"You Be the Judge" is an innovative introduction to the Talmud. You need no prior knowledge of the Talmud and no formal legal training. There are no prerequisites other than an open mind. "You Be the Judge" presents you with real cases brought before Beit Din, the court system of Jewish law. We provide the primary source texts from Talmud and put you in the driver's seat. You will have the opportunity to question, discuss, and argue, based on principle and precedent. You will experience firsthand the exhilarating mental exploration that characterizes traditional Talmud study.
For over a thousand years, our most important cultural activity has been the study of Talmud. It has sustained us through persecution and exile, shaping the discourse of our people and serving as the crowning achievement of our intellectual tradition. Perhaps you have been curious about the Talmud, but thought it was complex and inaccessible to anyone lacking extensive training. Not anymore. This fall, the Rohr Jewish Learning Institute is proud to launch "You Be the Judge," an innovative introduction to this magnificent work. You need no prior knowledge of the Talmud and no formal legal training. There are no prerequisites other than an open mind. "You Be the Judge" presents you with real cases brought before Beit Din, the court system of Jewish law. We provide the primary source texts from Talmud and put you in the driver's seat. You will have the opportunity to question, discuss, and argue, based on principle and precedent. You will experience firsthand the exhilarating mental exploration that characterizes traditional Talmud study. Join us this fall in the ancient study halls of Jerusalem and Babylonia. Add your voice to other voices that span the millennia. You take the lead. You Be the Judge.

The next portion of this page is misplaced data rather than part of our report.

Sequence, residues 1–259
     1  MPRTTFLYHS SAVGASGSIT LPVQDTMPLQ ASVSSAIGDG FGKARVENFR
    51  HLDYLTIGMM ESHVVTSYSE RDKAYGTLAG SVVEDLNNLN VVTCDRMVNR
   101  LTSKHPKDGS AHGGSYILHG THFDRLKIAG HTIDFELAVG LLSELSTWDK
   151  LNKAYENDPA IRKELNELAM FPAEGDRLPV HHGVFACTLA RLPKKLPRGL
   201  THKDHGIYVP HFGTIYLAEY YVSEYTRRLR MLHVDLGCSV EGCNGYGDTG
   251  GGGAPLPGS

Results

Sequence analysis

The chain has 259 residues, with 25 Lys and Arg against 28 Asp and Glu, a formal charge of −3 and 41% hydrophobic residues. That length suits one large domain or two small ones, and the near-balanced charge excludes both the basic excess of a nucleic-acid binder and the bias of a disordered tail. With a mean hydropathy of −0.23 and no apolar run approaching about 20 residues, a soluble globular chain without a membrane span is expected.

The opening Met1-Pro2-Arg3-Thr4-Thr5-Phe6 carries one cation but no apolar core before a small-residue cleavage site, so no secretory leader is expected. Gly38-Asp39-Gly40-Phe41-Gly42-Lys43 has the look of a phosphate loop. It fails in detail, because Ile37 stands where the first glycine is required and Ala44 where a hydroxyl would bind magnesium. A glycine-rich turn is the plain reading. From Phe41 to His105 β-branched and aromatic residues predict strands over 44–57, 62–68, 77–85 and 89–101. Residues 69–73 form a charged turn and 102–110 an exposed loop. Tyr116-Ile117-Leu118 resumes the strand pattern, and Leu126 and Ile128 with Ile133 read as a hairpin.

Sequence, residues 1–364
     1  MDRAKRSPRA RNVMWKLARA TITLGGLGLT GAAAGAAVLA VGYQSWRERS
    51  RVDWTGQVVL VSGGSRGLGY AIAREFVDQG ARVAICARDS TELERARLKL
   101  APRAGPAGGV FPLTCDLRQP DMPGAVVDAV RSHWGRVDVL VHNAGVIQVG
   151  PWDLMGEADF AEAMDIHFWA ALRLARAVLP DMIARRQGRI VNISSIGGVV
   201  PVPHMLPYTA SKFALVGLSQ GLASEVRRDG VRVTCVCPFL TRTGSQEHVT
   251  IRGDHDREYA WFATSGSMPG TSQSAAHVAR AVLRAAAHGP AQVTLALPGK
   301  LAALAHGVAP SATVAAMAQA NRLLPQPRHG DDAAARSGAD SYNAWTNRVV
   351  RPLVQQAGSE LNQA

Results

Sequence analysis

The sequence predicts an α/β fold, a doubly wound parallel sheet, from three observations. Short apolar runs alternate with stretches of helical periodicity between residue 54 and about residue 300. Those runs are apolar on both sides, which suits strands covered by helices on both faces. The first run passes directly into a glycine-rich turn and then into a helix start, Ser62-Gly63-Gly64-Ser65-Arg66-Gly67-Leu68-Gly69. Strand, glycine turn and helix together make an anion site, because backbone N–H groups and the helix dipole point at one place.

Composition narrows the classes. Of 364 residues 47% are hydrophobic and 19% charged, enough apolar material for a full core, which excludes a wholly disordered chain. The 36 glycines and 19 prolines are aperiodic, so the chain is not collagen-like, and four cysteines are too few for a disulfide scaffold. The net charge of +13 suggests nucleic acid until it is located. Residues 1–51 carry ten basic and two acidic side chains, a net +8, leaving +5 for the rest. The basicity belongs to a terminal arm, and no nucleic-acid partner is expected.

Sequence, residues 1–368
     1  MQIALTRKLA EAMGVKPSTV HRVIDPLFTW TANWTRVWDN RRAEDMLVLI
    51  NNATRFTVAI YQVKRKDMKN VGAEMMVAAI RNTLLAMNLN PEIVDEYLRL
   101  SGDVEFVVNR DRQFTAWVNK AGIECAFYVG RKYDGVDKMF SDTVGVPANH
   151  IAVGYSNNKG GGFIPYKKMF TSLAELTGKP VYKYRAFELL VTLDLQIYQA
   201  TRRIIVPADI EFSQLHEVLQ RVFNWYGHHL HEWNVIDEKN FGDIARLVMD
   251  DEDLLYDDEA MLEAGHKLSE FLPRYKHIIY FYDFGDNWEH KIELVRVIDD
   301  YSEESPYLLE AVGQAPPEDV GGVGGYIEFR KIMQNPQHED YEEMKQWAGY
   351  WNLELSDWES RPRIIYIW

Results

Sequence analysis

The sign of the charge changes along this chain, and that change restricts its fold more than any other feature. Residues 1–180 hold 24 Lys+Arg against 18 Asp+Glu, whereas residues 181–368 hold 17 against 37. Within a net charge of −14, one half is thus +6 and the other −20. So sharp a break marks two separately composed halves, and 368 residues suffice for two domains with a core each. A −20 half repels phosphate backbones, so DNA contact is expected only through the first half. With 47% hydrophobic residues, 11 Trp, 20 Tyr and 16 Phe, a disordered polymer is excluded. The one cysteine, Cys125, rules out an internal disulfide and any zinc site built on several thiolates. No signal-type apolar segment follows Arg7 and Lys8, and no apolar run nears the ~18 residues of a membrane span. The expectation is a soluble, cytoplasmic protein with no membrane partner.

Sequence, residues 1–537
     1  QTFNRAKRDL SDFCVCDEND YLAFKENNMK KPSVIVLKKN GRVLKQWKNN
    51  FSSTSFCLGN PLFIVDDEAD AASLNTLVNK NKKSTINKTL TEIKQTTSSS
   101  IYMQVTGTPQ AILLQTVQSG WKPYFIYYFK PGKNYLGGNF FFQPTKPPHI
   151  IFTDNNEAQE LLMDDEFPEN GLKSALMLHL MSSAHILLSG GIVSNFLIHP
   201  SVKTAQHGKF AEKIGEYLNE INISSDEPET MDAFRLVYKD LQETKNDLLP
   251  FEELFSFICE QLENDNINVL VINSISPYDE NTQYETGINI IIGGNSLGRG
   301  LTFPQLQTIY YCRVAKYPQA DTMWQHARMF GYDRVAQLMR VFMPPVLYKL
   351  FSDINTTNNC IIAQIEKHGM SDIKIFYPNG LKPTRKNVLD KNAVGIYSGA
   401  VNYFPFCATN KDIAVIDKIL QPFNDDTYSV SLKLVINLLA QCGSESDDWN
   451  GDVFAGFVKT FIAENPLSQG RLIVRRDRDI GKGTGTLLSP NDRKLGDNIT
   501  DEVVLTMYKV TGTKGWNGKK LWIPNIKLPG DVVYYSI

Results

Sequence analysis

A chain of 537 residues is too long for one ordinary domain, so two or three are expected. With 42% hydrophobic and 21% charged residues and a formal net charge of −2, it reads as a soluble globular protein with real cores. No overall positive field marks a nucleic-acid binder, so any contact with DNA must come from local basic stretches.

States approved to offer CLE Credits: AL, CA, CO, FL, GA, IL, IN, MN, MO, NC, NM, NV, OH, PA, RI, SC, TN, VA, WA
"Many thanks for sharing with me the exciting curriculum of You Be The Judge and for the excellent idea of bringing the treasure of Jewish law, a major point of Jewish life and Jewish ethos, to the attention of interested people. The idea is relevant and timely, and I am confident that this venture will enjoy great success."